A River Changes Course

83 Minutes - Director Kalyanee Mam

This beautifully-filmed documentary focuses on three families in rural Cambodia as they struggle to adapt to the rapid economic changes in their country in the past decade, which have brought riches to some, but led to environmental degradation and social dislocation to many more. The film-maker Kalyanee Mam follows a family of forest-dwellers in the north-east, a fishing family who live on the Tonle Sap river and a farming family just south of the capital Phnom Penh. Each of the families is struggling: the forests are being cut down to harvest the timber and to make way for plantation-style farming of cassava and rubber; the inland fisheries are being depleted by industrial fishing that has decimated the fish-stocks; farmers are being preyed upon by unscrupulous bankers who give them loans at interest rates so high they are always struggling to pay back what they owe.

The film, which won the Grand Jury Prize for world cinema documentary at the Sundance Festival, does not seek to editorialize, simply allowing the families to speak for themselves, and that contributes to the film’s power. The daughter of the farming family decides to go to the capital Phnom Penh to earn money in a garment factory that her mother can use to pay off the family debts. As the daughter gets on the bus, leaving her family behind for the first time, the camera lingers on the mother’s face as she forces back tears – sadness about parting from her daughter, and about her overall debt predicament in general. The 14-year old son of the fishing family decides against further school because he believes his family needs him to earn some money to support them.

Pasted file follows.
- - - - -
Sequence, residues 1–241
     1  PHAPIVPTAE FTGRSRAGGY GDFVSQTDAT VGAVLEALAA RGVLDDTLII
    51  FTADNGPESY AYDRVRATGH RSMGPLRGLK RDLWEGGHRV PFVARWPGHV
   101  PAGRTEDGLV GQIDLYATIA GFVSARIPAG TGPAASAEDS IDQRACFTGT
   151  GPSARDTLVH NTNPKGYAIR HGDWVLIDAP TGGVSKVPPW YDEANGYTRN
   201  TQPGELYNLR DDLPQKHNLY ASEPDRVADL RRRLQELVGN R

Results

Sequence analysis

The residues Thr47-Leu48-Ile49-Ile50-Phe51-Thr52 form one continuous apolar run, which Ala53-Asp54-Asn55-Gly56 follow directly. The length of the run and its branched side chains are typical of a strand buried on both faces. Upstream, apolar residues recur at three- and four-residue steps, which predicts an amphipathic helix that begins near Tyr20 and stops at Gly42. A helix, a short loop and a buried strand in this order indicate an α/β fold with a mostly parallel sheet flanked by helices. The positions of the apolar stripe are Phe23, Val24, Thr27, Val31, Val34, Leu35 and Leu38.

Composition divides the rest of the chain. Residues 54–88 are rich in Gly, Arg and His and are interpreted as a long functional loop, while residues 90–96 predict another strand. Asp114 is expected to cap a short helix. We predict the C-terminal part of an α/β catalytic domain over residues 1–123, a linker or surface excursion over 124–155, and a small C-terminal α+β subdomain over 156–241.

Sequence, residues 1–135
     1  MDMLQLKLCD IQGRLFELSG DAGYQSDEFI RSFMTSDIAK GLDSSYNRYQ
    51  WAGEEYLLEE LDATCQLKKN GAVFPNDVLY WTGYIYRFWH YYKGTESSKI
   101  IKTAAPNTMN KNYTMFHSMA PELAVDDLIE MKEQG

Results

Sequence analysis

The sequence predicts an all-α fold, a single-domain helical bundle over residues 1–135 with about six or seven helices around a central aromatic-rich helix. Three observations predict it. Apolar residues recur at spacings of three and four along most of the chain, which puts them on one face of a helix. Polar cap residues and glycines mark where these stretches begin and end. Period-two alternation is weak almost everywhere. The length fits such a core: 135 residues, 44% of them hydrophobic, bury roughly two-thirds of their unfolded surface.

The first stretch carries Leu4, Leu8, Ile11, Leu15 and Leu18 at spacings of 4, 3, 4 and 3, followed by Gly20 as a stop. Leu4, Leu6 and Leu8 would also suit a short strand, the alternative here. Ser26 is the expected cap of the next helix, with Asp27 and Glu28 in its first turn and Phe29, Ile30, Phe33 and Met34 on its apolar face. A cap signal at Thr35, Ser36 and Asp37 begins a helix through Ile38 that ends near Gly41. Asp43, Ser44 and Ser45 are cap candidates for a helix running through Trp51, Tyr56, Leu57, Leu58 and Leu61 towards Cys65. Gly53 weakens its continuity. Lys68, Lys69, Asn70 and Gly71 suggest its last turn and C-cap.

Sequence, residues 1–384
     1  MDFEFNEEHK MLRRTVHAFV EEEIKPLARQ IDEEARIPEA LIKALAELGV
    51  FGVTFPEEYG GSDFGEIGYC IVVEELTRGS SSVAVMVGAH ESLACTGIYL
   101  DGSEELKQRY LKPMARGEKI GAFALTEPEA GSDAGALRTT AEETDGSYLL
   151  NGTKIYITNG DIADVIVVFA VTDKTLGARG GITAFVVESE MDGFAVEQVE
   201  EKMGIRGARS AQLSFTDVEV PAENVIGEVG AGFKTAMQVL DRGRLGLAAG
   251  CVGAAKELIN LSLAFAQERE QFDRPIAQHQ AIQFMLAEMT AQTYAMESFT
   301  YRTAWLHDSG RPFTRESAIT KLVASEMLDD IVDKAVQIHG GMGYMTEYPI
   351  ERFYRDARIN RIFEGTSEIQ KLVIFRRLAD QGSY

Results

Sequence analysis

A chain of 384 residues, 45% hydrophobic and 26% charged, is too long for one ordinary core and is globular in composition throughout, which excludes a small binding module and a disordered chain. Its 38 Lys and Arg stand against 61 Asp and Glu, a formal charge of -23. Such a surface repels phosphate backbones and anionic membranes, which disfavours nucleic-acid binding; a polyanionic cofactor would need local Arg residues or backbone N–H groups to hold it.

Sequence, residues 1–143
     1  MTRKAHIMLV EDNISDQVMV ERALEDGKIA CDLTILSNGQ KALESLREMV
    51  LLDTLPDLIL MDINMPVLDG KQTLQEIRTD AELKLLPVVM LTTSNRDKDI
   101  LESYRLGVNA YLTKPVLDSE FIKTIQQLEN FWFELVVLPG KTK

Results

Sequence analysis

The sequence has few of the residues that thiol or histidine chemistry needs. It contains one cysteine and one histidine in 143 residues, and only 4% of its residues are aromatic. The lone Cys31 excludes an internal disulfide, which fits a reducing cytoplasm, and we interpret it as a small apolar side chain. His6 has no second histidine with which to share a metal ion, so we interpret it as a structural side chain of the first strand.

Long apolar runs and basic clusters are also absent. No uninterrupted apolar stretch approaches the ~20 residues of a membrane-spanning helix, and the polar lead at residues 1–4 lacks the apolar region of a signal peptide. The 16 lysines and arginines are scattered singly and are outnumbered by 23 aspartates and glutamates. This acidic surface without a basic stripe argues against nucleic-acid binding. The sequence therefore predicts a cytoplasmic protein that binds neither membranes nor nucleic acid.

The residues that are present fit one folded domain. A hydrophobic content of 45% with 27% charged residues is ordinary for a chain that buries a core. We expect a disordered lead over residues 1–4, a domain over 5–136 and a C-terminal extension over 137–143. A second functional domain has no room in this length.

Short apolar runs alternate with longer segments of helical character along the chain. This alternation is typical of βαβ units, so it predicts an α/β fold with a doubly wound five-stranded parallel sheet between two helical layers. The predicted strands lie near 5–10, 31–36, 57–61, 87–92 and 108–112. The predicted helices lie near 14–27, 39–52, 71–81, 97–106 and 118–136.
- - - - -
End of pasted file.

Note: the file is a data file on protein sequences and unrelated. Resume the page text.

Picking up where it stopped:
Cambodia is best known for the Killing Fields of 1975-79, when Pol Pot and his Khmer Rouge soldiers killed some 1.7 million people, and much of what has been written and filmed about the country focuses on the horrors of the Khmer Rouge period. Kalyanee turns a new page to show the beautiful landscapes of Cambodia, while at the same time illustrating the threats to the rural populations that live in those landscapes. In a q&a after the film Kalyanee pointed out that the themes of her film are common to many developing countries. She chose to focus on Cambodia because she was born there, before fleeing the country with her family in 1979, and ending up emigrating to the US. Although she still speaks Khmer, the Cambodian language, she has acquired an American accent, and she says that saved her almost certainly from getting thrown into jail when she was filming some of the controversial industrial projects in the capital Phnom Penh. Just like Cambodia’s famous sweet and sour fish soup, somlor machu youn, the film leaves a bitter-sweet taste – we learn enough about each of the three families during the course of the film to start to like them, while at the same time fearing for their futures, particularly the futures of their children.